Video Length: 5 minutes and 20 seconds



From fishing vessels to water taxis, tugboats to police craft, small non-pleasure vessels are a common sight on Canada’s waters.

But accidents can happen at any time – and to anyone. As the operator of a small non-pleasure vessel, it’s your responsibility to make sure your vessel operates safely and is properly equipped for emergencies.

Interview 1:

“When I am talking with other fishermen, invariably stability comes up. We’re in the coffee shop and somebody mentions what they’re going to do to change something on their boat and what invariably comes up is ‘how will that affect stability?’


When a vessel loses stability, there’s a chance it could capsize – a very dangerous situation for anybody on board.

Capsizing can be avoided by knowing how your vessel reacts to wind and waves – and by making sure it’s loaded properly.

Stability refers to a vessel’s ability to right itself after tipping sideways. Normally, the downward force of gravity is equal to the upward force of buoyancy… …So when the vessel leans, the two forces work together to bring it upright.

But on a vessel that’s been loaded improperly, the centre of gravity shifts… …Reducing stability and making it easier to capsize

Interview 2:

“Well I think the regards to stability varies with the type of boat it is. Some boats, when you start loading them, you might start loading from the very front part of the fish hole, some in the middle part, some on the stern. But, I always tell the boys, I mean, you just have a feel for the conditions at the time.”

Interview 3:

“The roof of the cabin is a great place to store things. ‘Let’s throw it up there let’s throw it up there!’ Next thing you know, the boat’s doing this and you’re still at the dock. These are things that people have to really look at before they leave and I’ve seen a lot of cases where people just won’t do it.”


Your cargo affects stability in many ways.

For instance, overloading your vessel can decrease its freeboard – the distance between the water and the deck. If the edge of your deck goes underwater, the stability of your vessel will quickly be reduced

Interview 4:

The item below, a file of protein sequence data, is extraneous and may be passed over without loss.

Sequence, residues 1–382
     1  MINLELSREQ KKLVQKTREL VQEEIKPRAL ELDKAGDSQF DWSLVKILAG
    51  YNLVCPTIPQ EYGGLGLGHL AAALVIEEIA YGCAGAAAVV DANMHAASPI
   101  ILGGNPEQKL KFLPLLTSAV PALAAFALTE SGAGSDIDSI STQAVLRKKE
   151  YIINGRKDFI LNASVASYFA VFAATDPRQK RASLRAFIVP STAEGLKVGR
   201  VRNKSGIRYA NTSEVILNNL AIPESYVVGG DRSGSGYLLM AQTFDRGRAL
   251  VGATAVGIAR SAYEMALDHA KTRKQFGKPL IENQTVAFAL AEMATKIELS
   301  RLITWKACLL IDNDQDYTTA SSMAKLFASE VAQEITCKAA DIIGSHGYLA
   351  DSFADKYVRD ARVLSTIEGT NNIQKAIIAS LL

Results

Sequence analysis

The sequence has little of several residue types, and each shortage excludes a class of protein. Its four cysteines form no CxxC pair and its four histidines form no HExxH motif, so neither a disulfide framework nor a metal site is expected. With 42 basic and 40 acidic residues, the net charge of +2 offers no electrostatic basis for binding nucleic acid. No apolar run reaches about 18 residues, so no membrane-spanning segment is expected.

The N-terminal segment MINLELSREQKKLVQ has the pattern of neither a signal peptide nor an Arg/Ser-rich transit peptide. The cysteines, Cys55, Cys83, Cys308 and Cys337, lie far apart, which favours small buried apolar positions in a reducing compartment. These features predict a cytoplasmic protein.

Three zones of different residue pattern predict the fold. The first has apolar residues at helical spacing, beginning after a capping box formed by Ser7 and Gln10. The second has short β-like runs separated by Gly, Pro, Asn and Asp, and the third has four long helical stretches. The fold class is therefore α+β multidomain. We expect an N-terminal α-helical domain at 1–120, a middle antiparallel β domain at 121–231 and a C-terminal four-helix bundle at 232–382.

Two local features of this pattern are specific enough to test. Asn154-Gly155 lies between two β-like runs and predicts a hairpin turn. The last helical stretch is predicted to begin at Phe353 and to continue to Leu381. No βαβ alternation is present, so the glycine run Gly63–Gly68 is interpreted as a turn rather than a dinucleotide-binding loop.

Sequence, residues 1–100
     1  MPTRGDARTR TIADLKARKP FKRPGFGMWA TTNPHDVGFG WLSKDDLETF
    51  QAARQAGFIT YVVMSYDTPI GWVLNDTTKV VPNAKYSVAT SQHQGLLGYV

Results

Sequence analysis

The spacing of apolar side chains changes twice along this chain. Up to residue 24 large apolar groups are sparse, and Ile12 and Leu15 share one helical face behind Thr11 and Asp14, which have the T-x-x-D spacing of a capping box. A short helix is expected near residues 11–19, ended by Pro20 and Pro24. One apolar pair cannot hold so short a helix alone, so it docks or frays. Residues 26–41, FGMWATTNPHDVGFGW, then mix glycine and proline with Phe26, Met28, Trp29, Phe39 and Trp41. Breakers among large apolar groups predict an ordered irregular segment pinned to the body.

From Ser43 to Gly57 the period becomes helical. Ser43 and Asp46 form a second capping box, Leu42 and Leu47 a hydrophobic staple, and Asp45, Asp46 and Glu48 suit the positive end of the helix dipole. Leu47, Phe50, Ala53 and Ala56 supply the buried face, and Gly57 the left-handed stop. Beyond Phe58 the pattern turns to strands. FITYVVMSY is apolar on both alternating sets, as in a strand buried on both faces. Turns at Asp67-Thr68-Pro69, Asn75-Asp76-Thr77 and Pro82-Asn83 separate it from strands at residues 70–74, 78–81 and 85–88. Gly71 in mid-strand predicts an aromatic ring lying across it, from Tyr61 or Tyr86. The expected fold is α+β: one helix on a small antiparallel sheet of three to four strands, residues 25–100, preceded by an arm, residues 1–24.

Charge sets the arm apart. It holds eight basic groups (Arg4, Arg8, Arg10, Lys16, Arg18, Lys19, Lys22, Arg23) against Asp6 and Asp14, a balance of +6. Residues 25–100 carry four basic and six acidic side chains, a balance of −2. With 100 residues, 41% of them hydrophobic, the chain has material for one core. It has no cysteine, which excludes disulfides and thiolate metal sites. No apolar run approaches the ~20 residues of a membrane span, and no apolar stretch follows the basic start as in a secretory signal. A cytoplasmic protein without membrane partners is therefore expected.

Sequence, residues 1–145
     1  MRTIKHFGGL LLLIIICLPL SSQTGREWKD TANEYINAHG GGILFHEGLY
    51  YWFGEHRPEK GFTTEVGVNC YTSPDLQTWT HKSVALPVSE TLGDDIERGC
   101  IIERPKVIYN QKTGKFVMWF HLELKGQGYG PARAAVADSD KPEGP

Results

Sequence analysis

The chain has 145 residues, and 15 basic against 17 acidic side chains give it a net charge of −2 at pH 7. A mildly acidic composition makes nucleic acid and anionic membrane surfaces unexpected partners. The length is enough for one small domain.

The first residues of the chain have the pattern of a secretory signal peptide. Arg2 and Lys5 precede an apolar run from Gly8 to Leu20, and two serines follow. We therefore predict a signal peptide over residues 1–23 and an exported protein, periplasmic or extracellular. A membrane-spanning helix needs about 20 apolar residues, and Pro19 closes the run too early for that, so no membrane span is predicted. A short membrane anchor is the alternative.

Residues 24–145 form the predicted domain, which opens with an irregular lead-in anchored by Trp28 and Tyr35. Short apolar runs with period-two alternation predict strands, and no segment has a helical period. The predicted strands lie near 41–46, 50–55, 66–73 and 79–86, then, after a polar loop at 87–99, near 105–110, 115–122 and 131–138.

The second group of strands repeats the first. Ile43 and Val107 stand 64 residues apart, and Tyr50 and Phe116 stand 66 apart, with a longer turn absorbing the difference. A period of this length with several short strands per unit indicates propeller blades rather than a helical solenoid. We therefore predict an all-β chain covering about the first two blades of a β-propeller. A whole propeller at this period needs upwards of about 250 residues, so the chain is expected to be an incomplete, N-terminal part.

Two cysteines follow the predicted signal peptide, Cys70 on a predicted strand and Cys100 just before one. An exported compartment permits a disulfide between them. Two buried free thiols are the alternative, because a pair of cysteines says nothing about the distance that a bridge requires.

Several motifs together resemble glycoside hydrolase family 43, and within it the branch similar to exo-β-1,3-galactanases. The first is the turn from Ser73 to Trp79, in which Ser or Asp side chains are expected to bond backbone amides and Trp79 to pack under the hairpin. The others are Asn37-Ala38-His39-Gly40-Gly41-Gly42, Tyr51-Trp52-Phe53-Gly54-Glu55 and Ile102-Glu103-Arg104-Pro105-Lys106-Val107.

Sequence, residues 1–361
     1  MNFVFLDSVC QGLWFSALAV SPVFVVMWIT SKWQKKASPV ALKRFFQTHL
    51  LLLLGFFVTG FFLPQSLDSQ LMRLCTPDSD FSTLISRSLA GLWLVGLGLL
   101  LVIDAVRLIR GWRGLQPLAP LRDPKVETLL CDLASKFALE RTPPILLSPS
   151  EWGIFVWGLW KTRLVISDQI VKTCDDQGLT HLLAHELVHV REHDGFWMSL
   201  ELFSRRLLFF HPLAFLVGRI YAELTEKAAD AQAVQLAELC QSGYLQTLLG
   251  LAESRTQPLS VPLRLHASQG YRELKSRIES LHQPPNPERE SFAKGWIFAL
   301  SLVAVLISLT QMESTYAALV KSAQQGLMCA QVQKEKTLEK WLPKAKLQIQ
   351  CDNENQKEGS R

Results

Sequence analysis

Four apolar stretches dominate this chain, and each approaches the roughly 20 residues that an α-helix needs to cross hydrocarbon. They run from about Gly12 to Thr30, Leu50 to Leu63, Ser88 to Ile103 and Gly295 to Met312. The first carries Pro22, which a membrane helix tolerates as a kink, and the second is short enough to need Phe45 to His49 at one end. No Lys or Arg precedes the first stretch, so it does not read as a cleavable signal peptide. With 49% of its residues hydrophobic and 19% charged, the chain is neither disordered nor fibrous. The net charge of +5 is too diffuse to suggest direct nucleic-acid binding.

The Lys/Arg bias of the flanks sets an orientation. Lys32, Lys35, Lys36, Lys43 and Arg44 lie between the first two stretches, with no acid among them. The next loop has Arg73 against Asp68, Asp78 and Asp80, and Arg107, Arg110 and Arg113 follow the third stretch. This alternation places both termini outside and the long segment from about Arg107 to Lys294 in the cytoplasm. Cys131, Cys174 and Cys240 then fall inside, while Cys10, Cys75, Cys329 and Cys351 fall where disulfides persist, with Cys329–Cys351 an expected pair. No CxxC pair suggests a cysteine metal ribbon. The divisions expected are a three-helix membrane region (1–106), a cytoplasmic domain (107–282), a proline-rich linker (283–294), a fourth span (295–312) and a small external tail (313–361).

“I was told that freeboard is your friend. So we have about two and a half feet of freeboard even when we’re loaded and that allows buoyancy to move outboard and that gives us our righting lever. And so, the more freeboard you have, a lot of times, the stiffer the vessel it is and that means that the roll is quicker.”


There’s also what’s called the “free surface effect”. As the contents of a partly filled liquid cargo tank shift with the movement of the vessel, so too does the vessel’s centre of gravity – making it less stable.

Interview 5:

“Free surface effect is very very important. A lot of these vessels are equipped with scupper plugs and the decks are very close to the water. So when they load them up with these big loads of lobster pots, the guys have to put their scupper plugs in to prevent ingress of water.”

Interview 6:

“We hired a marine engineer who gave us some very, very good recommendations. For example, when we bought the boat, there wasn’t enough capacity to discharge water. Now we have scuppers, holes in the side, so that if we’re ever at sea and take a big wave, we’ll be safer.”


You can improve stability by dividing your holds into smaller sections to decrease the amount of space cargo has to move around.

Before lifting or towing anything, make sure your vessel’s been tested to ensure it can do so without losing stability.

And when you’re on the water, always look out for signs of instability. These include changes to the way your vessel handles, having less freeboard than expected, or increased activity from the bilge pumps.

Interview 7:

“We’ll be walking down the dock and look at boats and just, really notice how much freeboard they have, are they listing? and weight that is up high. That could be a boom, or lights, or gear and it just seems to be that nowadays it’s part of our conversation.”

Interview 8:

“On board my ship it’s my business, it’s my vessel, and it’s my responsibility to ensure that I make it back to the port, and my crew.”


For more information about how you can help Canada’s waters remain a safe place to do business, visit the Transport Canada Marine Safety website.